Are you interested in spicy food? If so, you’ll be pleased to discover that there’s a whole street in Kyoto dedicated to it.
It is called Gekikara Shotengai, which roughly translates to ‘Intense Spice Shopping Street’ and is located in west Kyoto.
Traditional Japanese cuisine isn’t typically spicy, but these kinds of dishes are becoming increasingly popular in Japan.
Local residents of Muko town were looking for a way to stand out and offer something special to bring in new business.
This is how Gekikara Shotengai was born.
Here you will find spicy tasty treats that can’t be found anywhere else, such as habanero ice cream and crepes known as “Sudden Death Dogs,” available in levels from 1 to 5 with 5 being the spiciest.
Address: Kotsukuda-19 Teradochō, Muko, Kyoto 617-0002, Japan
About one mile from Kyoto’s city center you will find Kuramadera Temple, which is located in a rural area known for its hot springs.
Between Kurama and Kibune you’ll find a serene hiking trail that offers stunning vistas for those who make the journey.
As you make your way to the temple along the 30-45 minute steep wooded climb, you will come across a shrine known as Yuki Jinja, which is famous for the annual fire festival.
You can also ride a cable car up the mountainside if you want to take in the scenery from the air. At nearby Kurama Onsen, visitors can enjoy outdoor and indoor baths.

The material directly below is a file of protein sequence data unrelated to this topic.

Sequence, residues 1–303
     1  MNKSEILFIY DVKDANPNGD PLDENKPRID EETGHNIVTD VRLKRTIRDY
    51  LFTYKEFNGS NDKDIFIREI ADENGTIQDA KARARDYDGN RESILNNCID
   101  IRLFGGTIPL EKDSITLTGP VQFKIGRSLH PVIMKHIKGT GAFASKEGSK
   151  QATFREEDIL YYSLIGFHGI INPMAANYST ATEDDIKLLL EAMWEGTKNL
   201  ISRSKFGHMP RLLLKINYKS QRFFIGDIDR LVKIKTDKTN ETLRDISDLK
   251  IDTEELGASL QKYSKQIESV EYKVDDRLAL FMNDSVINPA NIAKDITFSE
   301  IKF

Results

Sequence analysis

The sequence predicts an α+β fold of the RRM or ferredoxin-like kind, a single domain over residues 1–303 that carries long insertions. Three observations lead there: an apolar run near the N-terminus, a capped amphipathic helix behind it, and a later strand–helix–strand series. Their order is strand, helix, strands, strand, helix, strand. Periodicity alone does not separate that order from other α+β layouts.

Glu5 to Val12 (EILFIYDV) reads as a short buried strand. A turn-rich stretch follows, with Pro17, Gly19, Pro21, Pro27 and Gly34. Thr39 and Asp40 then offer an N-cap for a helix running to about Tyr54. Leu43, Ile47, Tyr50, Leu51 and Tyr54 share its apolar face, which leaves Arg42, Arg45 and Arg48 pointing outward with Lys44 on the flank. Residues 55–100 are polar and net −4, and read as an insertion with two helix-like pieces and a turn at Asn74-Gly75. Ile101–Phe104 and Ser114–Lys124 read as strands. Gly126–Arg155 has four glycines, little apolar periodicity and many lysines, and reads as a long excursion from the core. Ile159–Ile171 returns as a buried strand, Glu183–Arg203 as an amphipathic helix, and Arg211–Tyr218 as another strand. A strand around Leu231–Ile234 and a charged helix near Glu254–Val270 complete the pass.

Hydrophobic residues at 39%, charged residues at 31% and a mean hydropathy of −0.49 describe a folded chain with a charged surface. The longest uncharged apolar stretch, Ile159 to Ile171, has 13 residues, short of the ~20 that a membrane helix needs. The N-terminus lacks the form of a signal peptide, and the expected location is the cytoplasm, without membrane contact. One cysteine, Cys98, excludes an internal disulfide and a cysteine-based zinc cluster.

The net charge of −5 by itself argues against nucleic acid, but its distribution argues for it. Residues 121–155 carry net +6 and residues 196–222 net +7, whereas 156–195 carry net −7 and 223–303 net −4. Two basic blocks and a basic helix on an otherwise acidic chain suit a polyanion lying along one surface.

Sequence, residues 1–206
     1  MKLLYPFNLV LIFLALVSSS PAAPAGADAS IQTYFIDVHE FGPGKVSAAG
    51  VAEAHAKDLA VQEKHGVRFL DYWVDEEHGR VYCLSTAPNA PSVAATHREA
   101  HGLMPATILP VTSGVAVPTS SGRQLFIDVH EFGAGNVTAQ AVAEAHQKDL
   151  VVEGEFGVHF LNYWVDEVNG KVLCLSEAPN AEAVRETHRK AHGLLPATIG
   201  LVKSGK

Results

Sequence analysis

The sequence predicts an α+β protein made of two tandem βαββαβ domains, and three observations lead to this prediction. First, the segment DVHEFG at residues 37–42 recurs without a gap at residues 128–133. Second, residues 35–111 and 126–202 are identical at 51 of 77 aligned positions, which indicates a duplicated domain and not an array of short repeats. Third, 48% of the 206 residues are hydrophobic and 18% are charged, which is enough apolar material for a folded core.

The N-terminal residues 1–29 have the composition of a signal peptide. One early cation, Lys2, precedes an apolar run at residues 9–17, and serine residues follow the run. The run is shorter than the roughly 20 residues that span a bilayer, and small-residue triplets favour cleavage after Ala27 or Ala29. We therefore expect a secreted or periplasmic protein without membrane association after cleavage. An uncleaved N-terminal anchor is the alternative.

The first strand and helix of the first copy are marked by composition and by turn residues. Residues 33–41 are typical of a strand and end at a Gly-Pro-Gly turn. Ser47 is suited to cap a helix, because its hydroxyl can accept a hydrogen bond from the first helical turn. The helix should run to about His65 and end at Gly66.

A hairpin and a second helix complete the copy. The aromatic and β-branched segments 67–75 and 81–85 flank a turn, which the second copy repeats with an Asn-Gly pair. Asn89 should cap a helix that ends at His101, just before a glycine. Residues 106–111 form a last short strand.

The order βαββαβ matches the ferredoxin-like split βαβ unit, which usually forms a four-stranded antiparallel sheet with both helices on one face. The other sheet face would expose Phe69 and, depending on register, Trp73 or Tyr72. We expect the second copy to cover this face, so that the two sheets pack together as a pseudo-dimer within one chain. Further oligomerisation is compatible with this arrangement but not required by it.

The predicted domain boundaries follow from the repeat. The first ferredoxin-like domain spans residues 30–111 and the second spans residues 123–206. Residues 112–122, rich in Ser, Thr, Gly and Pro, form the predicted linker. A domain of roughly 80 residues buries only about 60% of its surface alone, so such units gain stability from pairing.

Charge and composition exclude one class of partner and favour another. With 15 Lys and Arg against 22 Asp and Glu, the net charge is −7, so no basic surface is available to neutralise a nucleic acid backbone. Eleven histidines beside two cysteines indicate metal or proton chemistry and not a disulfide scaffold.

Address: 1074番地 Kuramahonmachi, Sakyo Ward, Kyoto, 601-1111, Japan
A 20-minute bus ride from Kyoto station, Maruyama Park is one of the oldest parks, and is one of the best places to visit to view the cherry blossoms in the spring.
As a result, the park can end up pretty overrun with tourists when the blossoms peak in April, so get there early.
Visitors enter the park through Yasaka Shrine, which is located in the Gion District.
This park is so spectacular that the government has designated it as an official Place of Scenic Beauty.
Despite the crowds you’ll encounter during the festivals, it is well worth it to visit during the hanami, or cherry blossom viewing parties.
At the center of the park, you’ll find a weeping cherry tree, or shidarezakura, which is breathtakingly illuminated at night.
Address: 463 Maruyamacho, Higashiyama Ward, Kyoto, 605-0071, Japan
No visit to Kyoto is complete without a visit to Arashiyama, located in the far west area of Kyoto.
While there are various temples and shrines in this sight-seeing district, the real star of the show is the Arashiyama Bamboo Grove.
With rising bamboo stalks, this has also been designated as a Historic Site and Place of Scenic Beauty.
Boats are available for rent and this makes a great way to explore this beautiful area.
Also in Arashiyama, you’ll find the Katsura Rikyu Imperial Villa. This is a perfect example of classic Japanese architecture, as well as garden design.
Keep in mind you will need to apply for a visit, however.
If you want to take some time out to appreciate Japan’s natural beauty, Arashiyama needs to be high on your list of things to do in Kyoto.
Fushimi Sake District